As Hingham prepares for the fall, which could include a potential second wave of COVID-19, we must continue to adopt innovative technology and evolving best practices by learning from schools and districts who are successfully remediating students who have regressed during school closure and have found ways to effectively implement remote learning.
Our plans need to be focused on the needs of each individual student and the district should avoid blanket statements and one-size-fits all approaches to educating students. We need to improve communication at all levels to ensure that IEP goals set for students reflect high expectations from the school and robust input from parents and guardians.
Effective communication between home and school is vital to student success, especially now, and allows parents to better monitor and motivate their child with their school work. Should remote learning become necessary again, we need to recognize as a district that our parents will continue to be part of the co-teaching team.
My vision for special education in Hingham is one that is equitable, is inclusive of all students, and ensures that all students receive the education they deserve. Educational equity has been part of my platform since I entered this race, and that includes a focus on diversity, inclusion and anti-racism within Hingham Public Schools.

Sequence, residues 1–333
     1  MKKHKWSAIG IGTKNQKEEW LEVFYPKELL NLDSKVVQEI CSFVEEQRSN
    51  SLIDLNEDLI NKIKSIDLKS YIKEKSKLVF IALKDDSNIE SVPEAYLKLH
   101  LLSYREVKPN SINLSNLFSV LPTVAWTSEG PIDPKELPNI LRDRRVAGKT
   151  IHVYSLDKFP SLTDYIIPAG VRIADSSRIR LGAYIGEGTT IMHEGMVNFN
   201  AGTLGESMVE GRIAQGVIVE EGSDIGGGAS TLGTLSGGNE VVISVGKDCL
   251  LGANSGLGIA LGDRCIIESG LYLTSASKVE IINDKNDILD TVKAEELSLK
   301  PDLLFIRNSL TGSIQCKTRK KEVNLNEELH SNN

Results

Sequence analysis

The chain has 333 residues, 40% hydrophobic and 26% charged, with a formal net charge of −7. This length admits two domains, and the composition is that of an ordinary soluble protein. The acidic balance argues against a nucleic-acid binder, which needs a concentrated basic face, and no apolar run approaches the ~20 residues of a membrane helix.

As educators, we often speak about growth mindset. As educational leaders in our community, we need to listen, learn and represent best practices and implement new policies that support those goals. If we focus on addressing the challenges of our most vulnerable population of students by providing up-to-date technology training and equipment for the teachers, the district as a whole will be stronger and better for it.
My name is Stephanie Gertz and I would be honored to receive one of your two votes for School Committee.
As a parent of a child on an IEP, I know our kids put the I in IEP. On top of our regular challenges, we’ve had the additional challenge of remote learning - and the variable we don’t always mention, unexpected remote learning.
As a rule our kids have difficulties with change and in our day to day life we explain and prepare our kids for any change. Then the pandemic hit.
Because I'm a mom of a child with special needs, I'm personally invested in making sure all our kids get everything they need to succeed.
And because I'm an educator, I know that this is made much easier with advance planning. Especially in this next year, I'm going to push to ensure that all teachers prepare and share remote plans for our children. Until there is a vaccine for COVID-19, we must assume that remote learning is going to occur again. This time there must be a plan for the parents to review before our children are sent home. I will be available as always to both parents and teachers to help in any way I can.